It's also my experience that blog commenters are particularly overrepresented when it comes to having some kind of anxiety disorder, so their personal fears tend to predispose them towards wishing that speed limits were lower.

In any case, MoCo's fines for speed camera violations are around $50 or so. They seem to be fine with that, and in my experience driving around MoCo, people obey the speed cameras even with fines half the cost of DC's. So I don't see the justification for DC's fines, which seem excessive.

by JustMe on Aug 29, 2012 5:15 pm • linkreport

[This comment has been deleted for violating the comment policy.]

by ceefer66 on Aug 29, 2012 7:15 pm • linkreport

David,

Who is on this task force? Name and affiation?

by Some Ideas on Aug 29, 2012 7:19 pm • linkreport

@ dcdriver:So instead of improving the road surface (and I doubt you have any proof that road surface is "poor") or improving the signage, the solution is to lower the speed limit and trap motorists by hiding a camera.

Well, how much extra taxes would you like to pay for that?
DCs roads are in abysmal shape, but I don't see how you could easily fix the many entries and exits, leading to the crazy merging and weaving, and get the curves out of that road.

How about the cameras on 295 by Blue Plains? That road surface is fine, the road is nearly straight, there are signs, and no more than the typical number of entrances and exits (all on the right). Why is that road 70mph in some states but 50 in DC?

I am not very familiar with that stretch, but I can make a couple of points.

First is that the speed limit on urban interstates is 55 mph, not 70. Remember, you're not in a state and that has implications.

Second, the stretch is only about 4 miles long, and is placed between the Beltway, with a 55 mph speed limit and DC-295 and the 11th St bridge where the speed limit is (I believe) 45 mph or less. It is not conducive to let people speed up for that short of a stretch. It looks like they're letting you transition from the Beltways 55mph to the further on slower speed limits.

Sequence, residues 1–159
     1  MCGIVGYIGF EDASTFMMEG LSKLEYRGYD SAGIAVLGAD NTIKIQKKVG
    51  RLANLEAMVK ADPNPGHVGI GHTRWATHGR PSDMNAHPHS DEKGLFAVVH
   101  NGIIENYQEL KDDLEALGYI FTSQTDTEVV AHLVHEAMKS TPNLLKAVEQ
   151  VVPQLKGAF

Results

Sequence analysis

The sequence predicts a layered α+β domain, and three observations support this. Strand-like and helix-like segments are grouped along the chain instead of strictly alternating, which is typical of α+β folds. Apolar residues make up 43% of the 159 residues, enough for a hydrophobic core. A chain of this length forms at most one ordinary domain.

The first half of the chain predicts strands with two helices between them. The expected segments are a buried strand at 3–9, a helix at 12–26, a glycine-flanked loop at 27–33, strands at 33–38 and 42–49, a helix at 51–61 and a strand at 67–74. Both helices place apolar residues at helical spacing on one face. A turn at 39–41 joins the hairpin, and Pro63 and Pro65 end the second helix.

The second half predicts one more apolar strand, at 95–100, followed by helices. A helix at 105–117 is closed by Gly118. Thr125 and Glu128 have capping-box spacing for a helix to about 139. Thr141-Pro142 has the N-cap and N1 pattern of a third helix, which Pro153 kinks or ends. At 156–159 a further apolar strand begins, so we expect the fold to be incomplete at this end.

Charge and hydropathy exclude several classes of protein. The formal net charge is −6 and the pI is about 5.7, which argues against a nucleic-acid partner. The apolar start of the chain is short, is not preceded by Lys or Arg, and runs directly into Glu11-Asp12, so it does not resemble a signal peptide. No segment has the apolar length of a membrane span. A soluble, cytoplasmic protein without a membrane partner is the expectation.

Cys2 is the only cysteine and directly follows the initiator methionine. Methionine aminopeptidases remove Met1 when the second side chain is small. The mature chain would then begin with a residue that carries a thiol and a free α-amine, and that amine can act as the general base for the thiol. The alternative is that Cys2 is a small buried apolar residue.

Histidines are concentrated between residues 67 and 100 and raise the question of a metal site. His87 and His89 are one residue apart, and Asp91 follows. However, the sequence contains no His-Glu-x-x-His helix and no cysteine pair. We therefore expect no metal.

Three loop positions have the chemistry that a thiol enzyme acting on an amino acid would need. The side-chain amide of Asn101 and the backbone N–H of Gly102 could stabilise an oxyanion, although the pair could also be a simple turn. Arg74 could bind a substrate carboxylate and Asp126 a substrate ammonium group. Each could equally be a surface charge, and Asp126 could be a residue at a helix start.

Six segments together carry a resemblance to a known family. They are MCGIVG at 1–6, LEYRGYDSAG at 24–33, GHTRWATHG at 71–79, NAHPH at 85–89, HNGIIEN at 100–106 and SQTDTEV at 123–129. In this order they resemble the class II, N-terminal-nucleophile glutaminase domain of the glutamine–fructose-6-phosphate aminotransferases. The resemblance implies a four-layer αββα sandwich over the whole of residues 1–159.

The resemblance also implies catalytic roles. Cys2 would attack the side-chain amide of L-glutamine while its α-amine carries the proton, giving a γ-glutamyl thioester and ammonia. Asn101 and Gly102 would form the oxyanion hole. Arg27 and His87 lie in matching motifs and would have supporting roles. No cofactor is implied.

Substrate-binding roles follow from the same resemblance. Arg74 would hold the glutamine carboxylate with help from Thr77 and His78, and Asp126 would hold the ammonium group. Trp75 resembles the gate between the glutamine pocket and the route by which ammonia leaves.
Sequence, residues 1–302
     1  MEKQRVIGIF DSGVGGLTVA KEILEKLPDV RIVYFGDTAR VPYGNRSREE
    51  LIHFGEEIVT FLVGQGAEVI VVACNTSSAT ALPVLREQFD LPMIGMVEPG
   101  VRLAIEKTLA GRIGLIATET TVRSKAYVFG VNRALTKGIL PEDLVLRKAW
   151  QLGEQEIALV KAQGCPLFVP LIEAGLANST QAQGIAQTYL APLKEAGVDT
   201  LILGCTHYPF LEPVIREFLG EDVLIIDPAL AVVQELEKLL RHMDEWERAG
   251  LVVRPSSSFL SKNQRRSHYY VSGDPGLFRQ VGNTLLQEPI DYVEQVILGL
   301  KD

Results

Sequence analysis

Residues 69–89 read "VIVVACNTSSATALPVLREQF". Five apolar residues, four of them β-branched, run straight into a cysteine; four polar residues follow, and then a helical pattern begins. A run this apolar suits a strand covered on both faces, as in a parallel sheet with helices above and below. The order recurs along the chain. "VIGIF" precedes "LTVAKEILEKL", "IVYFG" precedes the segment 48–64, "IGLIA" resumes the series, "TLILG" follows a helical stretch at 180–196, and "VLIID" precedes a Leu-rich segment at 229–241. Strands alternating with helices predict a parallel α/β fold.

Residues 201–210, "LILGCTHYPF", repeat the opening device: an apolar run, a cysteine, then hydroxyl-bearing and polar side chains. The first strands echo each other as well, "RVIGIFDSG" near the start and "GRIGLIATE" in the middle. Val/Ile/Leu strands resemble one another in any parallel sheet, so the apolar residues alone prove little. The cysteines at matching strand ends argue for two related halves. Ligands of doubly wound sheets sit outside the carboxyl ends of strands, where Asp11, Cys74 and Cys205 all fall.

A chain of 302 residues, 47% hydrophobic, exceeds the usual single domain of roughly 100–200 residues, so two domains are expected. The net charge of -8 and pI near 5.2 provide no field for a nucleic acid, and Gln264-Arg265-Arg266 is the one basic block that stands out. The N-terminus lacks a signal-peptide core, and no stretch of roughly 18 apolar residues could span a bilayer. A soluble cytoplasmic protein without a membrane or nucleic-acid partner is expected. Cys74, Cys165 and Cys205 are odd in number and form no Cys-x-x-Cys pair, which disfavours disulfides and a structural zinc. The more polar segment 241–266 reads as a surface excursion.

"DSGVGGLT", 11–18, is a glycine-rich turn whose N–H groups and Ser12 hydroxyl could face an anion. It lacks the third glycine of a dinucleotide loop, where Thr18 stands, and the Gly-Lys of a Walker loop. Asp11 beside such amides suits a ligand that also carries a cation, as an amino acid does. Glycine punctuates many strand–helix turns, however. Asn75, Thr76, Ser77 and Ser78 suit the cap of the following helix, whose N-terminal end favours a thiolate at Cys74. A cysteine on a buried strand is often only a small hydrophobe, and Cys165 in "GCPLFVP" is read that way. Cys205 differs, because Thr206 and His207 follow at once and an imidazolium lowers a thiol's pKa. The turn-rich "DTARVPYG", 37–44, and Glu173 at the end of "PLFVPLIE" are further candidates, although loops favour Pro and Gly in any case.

Thirdly, a little math shows that going 70 in stead of 50 saves you 1m23 over the stretch, assuming you're able to maintain that speed the entire way. Wherever you come from, the sheer luck of the draw with traffic lights has a larger impact on your commute. So, what's the fuss?

by Jasper on Aug 29, 2012 8:47 pm • linkreport

"Traffic cameras have saved lives, said Lisa Sutter of the Metropolitan Police Department at yesterday's task force meeting on automated enforcement. DC's fatalities declined 69% in 10 years, compared to only 28% nationwide, and MPT believes its speed and red light cameras are the reason."

Any comparison of a city and the states ("nationwide") will yield nonsense. Compare traffic deaths in DC and a comparable city, e.g., Baltimore, and you will see similar results. (Does Baltimore have many photo enforcement installations? I don't know.) One possibility re cities is that most collisions take place at lower speeds than out on suburban/rural highways, and so the safety measures in cars, such as air bags, are more effective at saving lives.

The discussion really should distinguish clearly between red light cameras (few objections there) and speed cameras (plenty of objections). In the District, only 3% of collisions list speed as a primary cause. Running red lights is a very different matter from driving 35 mph on a minor arterial, such as Park Road. And the driver who "blew through a red light and got T-boned" -- how would a red-light camera have prevented that? Why did he blow through the light? Drunk? Cameras won't fix that.